Data breach precedent set
A recent decision by the Court of Appeal should sound the warning bells for all businesses that handle data.
The Court of Appeal dismissed an appeal that Morrisons was vicariously liable for its employee’s misuse of data, despite Morrisons having done as much as it reasonably could to prevent the misuse, and the employee’s intention being to cause reputational or financial damage to Morrisons itself.
This case highlights the wide reach of data protection. An organisation can be liable for data breaches even if it has taken appropriate measures to comply with the data protection legislation itself, and even if it is the intended victim of the breach. In this respect, the decision will also concern employers who can now be vicariously liable for the actions taken by a rogue employee even with appropriate safeguards in place to protect employee personal data. In addition to civil liability, organisations may suffer further damage as a result of negative publicity and impact on share price.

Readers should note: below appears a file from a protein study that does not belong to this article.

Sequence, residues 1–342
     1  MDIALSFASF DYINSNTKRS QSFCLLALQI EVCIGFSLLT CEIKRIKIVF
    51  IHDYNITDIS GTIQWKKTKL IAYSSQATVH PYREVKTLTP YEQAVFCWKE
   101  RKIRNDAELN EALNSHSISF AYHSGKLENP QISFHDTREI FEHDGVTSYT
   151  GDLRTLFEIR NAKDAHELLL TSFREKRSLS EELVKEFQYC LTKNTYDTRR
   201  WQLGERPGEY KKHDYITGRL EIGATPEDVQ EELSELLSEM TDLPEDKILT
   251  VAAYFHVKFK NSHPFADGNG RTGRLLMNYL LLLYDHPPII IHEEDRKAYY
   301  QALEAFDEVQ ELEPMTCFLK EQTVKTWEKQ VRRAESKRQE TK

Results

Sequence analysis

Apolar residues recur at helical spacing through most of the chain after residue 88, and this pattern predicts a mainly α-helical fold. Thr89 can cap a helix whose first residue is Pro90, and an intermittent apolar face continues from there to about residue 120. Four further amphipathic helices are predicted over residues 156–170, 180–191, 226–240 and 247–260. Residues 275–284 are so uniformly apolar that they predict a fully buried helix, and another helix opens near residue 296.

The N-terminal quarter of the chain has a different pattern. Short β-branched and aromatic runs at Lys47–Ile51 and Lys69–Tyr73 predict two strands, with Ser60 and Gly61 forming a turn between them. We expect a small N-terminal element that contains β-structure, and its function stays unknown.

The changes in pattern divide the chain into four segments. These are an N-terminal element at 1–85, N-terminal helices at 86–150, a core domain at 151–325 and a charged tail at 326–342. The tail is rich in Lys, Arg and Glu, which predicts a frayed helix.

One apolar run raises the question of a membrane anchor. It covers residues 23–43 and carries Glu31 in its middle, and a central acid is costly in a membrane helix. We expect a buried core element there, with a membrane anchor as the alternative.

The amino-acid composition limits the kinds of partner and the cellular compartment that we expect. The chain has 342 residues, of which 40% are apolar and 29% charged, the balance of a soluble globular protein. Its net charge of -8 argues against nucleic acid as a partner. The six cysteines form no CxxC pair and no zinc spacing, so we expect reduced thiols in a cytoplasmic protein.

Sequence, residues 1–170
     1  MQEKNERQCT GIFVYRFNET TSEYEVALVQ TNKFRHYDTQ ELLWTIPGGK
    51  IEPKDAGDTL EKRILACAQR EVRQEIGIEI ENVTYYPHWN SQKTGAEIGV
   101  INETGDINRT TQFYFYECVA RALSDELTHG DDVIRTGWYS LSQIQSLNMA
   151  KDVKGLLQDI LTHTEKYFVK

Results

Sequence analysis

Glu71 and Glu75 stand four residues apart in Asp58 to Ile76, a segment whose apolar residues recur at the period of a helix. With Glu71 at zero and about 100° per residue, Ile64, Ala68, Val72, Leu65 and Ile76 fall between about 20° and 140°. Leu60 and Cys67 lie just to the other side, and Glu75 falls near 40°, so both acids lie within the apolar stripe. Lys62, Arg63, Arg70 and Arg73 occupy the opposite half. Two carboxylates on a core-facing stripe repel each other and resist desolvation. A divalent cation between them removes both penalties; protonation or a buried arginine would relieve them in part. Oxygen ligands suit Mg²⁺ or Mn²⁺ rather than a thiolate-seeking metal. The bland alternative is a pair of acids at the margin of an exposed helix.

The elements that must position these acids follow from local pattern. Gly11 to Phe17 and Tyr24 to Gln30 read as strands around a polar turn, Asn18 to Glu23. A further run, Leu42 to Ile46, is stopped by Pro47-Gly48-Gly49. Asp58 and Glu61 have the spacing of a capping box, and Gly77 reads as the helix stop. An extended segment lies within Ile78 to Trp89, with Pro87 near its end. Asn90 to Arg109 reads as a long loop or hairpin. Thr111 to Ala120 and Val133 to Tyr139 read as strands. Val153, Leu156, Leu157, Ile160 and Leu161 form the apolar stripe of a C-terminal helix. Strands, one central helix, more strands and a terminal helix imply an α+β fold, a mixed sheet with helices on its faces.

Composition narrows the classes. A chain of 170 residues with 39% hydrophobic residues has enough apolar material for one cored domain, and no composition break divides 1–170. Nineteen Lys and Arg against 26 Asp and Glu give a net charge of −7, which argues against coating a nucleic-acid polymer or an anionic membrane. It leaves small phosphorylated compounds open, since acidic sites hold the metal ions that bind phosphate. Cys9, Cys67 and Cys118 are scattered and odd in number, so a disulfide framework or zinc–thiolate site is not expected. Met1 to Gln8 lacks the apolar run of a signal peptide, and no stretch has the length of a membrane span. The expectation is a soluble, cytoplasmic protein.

The fear for organisations will now be that this decision, combined with the legislative changes made by the GDPR, increased public awareness of data protection issues, and the publicity that the case has attracted, could spark a new wave of court cases from workers and customers in the event of a data breach.
Importantly, the case also related to data breaches which occurred prior to 25 May.